Next Article in Journal
Microbial Ecology of Greek Wheat Sourdoughs, Identified by a Culture-Dependent and a Culture-Independent Approach
Previous Article in Journal
Synthesis, Characterization, and Evaluation of Genistein-Loaded Zein/Carboxymethyl Chitosan Nanoparticles with Improved Water Dispersibility, Enhanced Antioxidant Activity, and Controlled Release Property
Article

Edible Coatings Containing Oregano Essential Oil Nanoemulsion for Improving Postharvest Quality and Shelf Life of Tomatoes

1
Department of Industrial Engineering, University of Salerno, via Giovanni Paolo II, 132, 84084 Fisciano, SA, Italy
2
ProdAl Scarl, via Giovanni Paolo II, 132, 84084 Fisciano, SA, Italy
*
Author to whom correspondence should be addressed.
Foods 2020, 9(11), 1605; https://doi.org/10.3390/foods9111605
Received: 8 October 2020 / Revised: 29 October 2020 / Accepted: 2 November 2020 / Published: 4 November 2020
(This article belongs to the Section Food Packaging and Preservation)
Edible coatings have attracted significant interest in maintaining quality and improving the shelf life of fresh fruit and vegetables. This study aimed to improve tomato storability by using edible coatings, based on alginate cross-linked with calcium chloride, and containing an oregano essential oil (OEO) nanoemulsion as a natural antimicrobial. The coating formulations were preliminary optimized in terms of alginate and calcium chloride concentrations, using response surface methodology, to obtain a thin (~5 µm) and uniform layer on the tomatoes surface. The optimized coating (prepared using sequential dipping in a 0.5% w/w sodium alginate solution and in a 2.0% w/w calcium chloride solution) was enriched by incorporating an OEO nanoemulsion, formulated with lecithin as a natural emulsifier, at an OEO concentration of 0.17% w/w in the alginate solution. The nanoemulsion did not significantly affect the coating thickness and uniformity but improved the wettability of the tomato skin. More specifically, the alginate-based edible coatings exhibited a strong interaction with the hydrophobic tomato skin surface (higher than water), promoting surface adhesion. The addition of OEO nanoemulsion in the coating, by providing more hydrophobic sites, further improved the wetting capability and adhesion of the coating solution on the tomato surface. The developed edible coatings successfully contributed to prolonging the tomato shelf life, by reducing the growth of the endogenous microbial flora (total microbial load, yeasts, and molds) over 14 days at room temperature in comparison with the control, with significantly better performances for the edible coating containing the OEO nanoemulsion. View Full-Text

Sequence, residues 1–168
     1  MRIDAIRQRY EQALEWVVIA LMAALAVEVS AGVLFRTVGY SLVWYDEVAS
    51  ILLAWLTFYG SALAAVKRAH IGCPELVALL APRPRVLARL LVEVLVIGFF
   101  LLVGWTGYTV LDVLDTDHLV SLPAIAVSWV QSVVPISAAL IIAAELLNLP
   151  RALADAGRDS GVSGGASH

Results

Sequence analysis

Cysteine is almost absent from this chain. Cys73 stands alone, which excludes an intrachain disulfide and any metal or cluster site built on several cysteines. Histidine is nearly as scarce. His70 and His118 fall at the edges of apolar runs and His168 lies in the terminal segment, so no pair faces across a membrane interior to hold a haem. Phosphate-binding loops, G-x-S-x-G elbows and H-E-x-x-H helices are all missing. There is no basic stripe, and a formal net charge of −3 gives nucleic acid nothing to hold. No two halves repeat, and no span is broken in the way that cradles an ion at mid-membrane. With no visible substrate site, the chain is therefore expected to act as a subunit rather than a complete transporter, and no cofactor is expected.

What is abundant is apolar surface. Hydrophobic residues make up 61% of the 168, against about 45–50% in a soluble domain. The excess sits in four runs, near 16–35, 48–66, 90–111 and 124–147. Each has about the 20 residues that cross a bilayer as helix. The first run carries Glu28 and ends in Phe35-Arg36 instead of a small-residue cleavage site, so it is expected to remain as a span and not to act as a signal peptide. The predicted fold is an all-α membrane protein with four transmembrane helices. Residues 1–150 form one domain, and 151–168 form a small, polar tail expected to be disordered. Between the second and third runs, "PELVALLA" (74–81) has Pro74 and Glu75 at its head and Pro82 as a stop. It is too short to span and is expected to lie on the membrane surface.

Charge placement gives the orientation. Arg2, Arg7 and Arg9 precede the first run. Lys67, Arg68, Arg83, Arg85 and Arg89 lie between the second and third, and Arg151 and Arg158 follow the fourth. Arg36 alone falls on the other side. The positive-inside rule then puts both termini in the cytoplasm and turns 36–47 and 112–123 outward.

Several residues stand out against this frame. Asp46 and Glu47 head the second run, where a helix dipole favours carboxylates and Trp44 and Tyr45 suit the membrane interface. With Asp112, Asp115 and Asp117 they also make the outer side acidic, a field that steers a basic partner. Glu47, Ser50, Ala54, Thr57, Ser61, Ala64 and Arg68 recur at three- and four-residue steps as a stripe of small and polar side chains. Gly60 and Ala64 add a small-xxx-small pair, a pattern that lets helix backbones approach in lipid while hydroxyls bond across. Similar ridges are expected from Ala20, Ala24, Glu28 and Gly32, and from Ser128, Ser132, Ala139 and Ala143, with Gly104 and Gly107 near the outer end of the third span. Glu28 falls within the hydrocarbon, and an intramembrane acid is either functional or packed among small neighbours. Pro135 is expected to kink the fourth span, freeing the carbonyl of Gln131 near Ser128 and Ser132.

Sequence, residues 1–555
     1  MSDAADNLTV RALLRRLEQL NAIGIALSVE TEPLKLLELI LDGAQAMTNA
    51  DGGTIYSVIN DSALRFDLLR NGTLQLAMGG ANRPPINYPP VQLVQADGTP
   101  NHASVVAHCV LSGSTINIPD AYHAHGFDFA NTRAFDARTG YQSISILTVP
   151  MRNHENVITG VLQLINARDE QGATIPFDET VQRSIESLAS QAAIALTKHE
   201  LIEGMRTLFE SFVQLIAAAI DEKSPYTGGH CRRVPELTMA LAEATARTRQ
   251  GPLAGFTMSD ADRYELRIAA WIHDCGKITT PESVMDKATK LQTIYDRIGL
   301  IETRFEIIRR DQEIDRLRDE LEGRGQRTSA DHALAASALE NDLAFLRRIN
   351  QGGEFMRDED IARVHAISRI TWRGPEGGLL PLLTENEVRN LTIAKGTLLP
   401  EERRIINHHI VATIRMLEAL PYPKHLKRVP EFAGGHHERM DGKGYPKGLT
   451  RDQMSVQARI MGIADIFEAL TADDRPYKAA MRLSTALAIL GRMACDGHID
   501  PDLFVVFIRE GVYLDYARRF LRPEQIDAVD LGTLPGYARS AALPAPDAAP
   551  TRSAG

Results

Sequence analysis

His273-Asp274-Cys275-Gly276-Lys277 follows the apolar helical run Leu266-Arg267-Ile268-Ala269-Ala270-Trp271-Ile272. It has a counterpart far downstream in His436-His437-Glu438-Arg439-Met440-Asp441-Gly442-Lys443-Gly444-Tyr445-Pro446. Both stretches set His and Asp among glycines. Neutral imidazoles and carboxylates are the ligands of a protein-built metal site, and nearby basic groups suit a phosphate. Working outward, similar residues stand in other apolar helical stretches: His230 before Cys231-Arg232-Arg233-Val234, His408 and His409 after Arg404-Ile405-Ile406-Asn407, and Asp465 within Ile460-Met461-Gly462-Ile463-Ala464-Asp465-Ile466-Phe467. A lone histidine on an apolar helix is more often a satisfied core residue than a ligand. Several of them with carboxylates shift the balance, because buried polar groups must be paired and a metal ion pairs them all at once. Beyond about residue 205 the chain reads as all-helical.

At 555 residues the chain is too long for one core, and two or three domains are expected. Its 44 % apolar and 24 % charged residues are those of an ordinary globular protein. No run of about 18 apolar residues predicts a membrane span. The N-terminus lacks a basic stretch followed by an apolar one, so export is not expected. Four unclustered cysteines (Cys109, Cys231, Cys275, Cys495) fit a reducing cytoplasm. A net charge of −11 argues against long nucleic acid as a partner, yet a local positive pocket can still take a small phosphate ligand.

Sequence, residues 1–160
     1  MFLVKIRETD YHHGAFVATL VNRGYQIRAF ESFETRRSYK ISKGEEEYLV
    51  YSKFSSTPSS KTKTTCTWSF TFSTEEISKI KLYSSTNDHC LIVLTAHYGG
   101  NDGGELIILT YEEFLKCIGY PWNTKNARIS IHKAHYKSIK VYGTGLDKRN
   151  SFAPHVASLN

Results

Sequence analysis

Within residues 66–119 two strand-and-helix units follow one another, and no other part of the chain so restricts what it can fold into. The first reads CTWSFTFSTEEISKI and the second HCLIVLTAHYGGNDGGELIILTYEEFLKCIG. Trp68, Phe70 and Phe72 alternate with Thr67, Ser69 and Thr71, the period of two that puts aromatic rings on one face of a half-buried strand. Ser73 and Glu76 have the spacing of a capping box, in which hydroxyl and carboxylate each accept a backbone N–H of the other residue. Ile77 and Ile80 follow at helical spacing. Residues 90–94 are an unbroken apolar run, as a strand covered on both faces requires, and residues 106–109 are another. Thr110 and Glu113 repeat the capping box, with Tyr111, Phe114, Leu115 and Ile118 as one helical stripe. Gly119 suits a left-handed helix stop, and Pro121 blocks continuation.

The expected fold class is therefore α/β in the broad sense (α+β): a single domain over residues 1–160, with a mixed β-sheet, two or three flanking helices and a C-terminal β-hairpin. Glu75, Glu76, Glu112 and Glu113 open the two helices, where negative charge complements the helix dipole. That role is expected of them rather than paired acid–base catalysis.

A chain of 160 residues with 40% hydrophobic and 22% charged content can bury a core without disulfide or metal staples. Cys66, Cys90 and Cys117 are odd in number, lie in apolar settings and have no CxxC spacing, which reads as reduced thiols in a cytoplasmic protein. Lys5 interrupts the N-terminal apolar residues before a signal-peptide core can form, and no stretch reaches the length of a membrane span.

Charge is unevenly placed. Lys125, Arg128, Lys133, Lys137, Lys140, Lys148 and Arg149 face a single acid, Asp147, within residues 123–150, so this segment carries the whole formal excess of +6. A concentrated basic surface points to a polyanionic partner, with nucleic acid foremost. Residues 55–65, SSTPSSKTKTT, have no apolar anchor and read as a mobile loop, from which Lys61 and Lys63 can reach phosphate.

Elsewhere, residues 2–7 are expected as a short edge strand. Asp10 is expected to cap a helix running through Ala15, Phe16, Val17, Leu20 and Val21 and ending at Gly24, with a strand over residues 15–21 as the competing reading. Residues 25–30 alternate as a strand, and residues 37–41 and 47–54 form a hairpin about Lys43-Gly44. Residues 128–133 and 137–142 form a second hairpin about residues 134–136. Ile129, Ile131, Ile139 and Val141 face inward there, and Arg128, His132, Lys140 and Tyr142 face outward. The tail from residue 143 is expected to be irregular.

Keywords: sodium alginate; calcium chloride; oregano essential oil; antimicrobial agent; response surface methodology; preservation; storability sodium alginate; calcium chloride; oregano essential oil; antimicrobial agent; response surface methodology; preservation; storability
Show Figures

Graphical abstract

MDPI and ACS Style

Pirozzi, A.; Del Grosso, V.; Ferrari, G.; Donsì, F. Edible Coatings Containing Oregano Essential Oil Nanoemulsion for Improving Postharvest Quality and Shelf Life of Tomatoes. Foods 2020, 9, 1605. https://doi.org/10.3390/foods9111605

AMA Style

Pirozzi A, Del Grosso V, Ferrari G, Donsì F. Edible Coatings Containing Oregano Essential Oil Nanoemulsion for Improving Postharvest Quality and Shelf Life of Tomatoes. Foods. 2020; 9(11):1605. https://doi.org/10.3390/foods9111605

Chicago/Turabian Style

Pirozzi, Annachiara, Vittoria Del Grosso, Giovanna Ferrari, and Francesco Donsì. 2020. "Edible Coatings Containing Oregano Essential Oil Nanoemulsion for Improving Postharvest Quality and Shelf Life of Tomatoes" Foods 9, no. 11: 1605. https://doi.org/10.3390/foods9111605

Find Other Styles
Note that from the first issue of 2016, MDPI journals use article numbers instead of page numbers. See further details here.

Article Access Map by Country/Region

1
Back to TopTop